The total alkali content (TAC) is the other parameter that was determined. It represents the amount of total alkaline component in soap. It includes alkaline compounds such as sodium/or potassium hydroxides, oxides, carbonates or bicarbonates  . According to the BIS, good quality soap must have less than 5% of TAC whereas, for the ISO specification, soap should have amounts below 2% of TAC  . In the current study, the determined TAC was between 2.40 ± 0.01 and 2.00 ± 0.06. These values were comparable to those obtained by  which were in the range of 2.96 to 1.61. However, they were higher than the 0.2% standard value set by the EAS but, comparable to the 2% specified in the ISO.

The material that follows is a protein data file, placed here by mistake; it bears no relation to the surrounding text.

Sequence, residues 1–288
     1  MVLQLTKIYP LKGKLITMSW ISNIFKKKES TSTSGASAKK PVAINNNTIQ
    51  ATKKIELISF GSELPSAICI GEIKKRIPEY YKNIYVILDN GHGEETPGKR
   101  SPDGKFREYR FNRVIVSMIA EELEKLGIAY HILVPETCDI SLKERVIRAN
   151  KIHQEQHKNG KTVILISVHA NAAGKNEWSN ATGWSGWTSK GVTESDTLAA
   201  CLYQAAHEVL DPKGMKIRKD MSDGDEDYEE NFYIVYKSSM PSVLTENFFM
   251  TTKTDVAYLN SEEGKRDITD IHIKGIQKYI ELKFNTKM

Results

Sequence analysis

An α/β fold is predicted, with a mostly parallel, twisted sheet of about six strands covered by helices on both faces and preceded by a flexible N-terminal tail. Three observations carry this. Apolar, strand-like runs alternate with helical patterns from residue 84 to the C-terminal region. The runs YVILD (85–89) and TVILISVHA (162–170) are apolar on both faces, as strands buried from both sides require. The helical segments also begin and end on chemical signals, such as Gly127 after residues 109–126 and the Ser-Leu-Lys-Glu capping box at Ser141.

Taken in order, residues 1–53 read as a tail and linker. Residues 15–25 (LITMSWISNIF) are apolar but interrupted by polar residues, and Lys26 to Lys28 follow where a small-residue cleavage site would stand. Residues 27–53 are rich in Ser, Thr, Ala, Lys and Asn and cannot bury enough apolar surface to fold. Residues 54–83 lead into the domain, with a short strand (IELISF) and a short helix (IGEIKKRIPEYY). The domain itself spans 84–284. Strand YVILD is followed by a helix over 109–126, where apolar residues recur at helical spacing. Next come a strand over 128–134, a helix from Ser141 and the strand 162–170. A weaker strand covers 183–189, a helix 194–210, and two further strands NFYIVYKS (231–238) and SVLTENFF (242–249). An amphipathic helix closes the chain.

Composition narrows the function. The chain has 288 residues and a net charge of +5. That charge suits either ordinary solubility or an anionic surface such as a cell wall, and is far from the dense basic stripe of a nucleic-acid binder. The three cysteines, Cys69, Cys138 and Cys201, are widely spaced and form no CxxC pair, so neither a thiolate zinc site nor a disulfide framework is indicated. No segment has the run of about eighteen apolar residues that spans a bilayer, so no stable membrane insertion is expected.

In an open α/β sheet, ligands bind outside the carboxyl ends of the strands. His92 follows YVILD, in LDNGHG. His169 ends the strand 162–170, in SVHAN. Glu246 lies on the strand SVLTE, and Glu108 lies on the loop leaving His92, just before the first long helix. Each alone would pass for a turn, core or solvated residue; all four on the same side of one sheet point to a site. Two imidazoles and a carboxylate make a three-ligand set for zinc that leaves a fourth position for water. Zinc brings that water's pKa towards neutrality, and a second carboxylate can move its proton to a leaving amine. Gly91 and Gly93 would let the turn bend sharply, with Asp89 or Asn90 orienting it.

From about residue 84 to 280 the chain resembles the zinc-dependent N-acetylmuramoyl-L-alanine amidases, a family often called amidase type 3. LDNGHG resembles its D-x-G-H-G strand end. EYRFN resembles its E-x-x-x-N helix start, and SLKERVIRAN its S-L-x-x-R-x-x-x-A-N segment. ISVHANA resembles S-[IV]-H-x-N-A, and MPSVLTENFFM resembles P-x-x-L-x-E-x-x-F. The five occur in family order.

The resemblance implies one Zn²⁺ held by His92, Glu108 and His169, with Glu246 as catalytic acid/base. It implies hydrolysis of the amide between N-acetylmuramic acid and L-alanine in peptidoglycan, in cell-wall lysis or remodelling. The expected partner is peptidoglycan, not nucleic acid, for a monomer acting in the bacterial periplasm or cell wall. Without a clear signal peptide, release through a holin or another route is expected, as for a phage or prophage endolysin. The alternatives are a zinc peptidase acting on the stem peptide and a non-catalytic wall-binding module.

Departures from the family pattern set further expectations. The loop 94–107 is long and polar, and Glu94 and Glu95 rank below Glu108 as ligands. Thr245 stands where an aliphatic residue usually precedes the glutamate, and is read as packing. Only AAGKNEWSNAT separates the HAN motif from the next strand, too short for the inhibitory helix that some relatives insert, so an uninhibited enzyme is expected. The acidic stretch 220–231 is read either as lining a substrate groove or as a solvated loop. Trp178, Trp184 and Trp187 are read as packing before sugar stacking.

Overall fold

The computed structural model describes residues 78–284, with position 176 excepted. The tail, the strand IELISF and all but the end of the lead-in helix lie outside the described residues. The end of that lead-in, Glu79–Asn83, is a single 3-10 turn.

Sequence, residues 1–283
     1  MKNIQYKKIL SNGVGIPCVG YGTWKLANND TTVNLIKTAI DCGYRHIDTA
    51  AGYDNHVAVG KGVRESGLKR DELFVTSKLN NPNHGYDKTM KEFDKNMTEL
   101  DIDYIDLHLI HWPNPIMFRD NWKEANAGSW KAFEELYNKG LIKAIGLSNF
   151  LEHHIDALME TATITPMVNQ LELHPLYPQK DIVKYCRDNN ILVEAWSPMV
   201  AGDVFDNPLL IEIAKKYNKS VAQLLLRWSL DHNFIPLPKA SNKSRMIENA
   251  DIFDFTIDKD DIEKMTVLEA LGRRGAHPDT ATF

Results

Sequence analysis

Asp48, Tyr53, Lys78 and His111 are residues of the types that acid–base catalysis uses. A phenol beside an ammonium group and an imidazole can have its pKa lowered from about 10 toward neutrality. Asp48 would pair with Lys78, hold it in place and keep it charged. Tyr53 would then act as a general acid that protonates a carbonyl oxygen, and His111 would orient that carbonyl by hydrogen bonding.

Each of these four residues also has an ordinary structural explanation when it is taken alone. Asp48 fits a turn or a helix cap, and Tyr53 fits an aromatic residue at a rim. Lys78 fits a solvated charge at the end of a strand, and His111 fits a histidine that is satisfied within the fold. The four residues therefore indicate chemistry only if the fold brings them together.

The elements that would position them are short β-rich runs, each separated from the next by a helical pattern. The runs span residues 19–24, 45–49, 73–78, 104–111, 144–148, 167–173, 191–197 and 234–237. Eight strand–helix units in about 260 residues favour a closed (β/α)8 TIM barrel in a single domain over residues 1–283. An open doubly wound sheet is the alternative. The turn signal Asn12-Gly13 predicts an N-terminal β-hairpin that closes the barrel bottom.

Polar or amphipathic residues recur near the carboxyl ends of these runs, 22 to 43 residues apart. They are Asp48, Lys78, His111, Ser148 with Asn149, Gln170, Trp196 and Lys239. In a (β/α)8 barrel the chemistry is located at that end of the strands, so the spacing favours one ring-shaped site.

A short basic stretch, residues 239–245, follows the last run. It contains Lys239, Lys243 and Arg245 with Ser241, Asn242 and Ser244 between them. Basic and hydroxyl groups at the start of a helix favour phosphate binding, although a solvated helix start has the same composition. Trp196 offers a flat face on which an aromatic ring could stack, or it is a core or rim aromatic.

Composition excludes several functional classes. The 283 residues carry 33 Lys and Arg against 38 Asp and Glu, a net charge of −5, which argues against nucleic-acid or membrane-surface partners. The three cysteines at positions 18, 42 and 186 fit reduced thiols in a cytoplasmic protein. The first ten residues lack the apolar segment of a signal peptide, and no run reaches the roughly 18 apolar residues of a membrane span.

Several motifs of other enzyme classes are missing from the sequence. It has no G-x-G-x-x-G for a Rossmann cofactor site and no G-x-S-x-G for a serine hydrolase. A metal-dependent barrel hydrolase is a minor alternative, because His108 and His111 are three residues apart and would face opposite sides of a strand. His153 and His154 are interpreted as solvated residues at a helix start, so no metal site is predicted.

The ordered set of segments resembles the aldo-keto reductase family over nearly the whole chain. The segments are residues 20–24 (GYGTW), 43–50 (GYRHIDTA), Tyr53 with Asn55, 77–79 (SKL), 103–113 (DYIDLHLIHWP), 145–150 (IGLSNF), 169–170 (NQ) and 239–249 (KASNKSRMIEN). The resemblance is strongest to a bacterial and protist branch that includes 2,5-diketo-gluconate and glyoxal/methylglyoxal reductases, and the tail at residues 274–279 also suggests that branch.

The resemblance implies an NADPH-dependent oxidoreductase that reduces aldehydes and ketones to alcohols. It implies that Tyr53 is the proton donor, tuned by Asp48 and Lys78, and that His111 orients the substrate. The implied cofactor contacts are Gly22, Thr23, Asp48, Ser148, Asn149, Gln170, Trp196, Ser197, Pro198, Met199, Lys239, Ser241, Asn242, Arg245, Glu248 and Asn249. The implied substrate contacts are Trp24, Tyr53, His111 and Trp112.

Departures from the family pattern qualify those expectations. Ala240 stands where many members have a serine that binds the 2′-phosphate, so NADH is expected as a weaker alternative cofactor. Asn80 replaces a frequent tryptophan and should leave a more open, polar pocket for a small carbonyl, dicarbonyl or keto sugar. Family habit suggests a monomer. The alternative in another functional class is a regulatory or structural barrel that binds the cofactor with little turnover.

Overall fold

Free Caustic Alkali (FCA) was also determined. Principally, FCA content determines the abrasiveness of the soap. Superior soap should contain little or no free alkali  . Soap with an excess amount of FCA irritates the skin and wear-out clothes  . Alkaline soaps are characterised by a high content of FCA can lead to skin dryness and scaling which cause the skin becomes susceptible to fungal attacks. This is because the excess alkali will saponify the fats and oils that are normally found on the skin as a protective coat to form soluble soap and therefore get washed away thereby rendering the skin dry  . The recommended FCA content of soap by the EAS is less than 0.1%. In the current investigation, all the soaps had no FCA except for Yebo and Solo which showed some presence of traces FCA amounting to 0.021% and 0.0037% respectively. Nonetheless, these amounts of FCA that was present in Solo and Yebo were less than the set of the EAS (0.2%) and that set by ZABS (maximum should be 0.05%). However, it is also worth noticing that these very two soaps (Yebo and Solo) that had some traces of FCA also had the highest pH values. But then again, the FCA values determined do not call for any concern.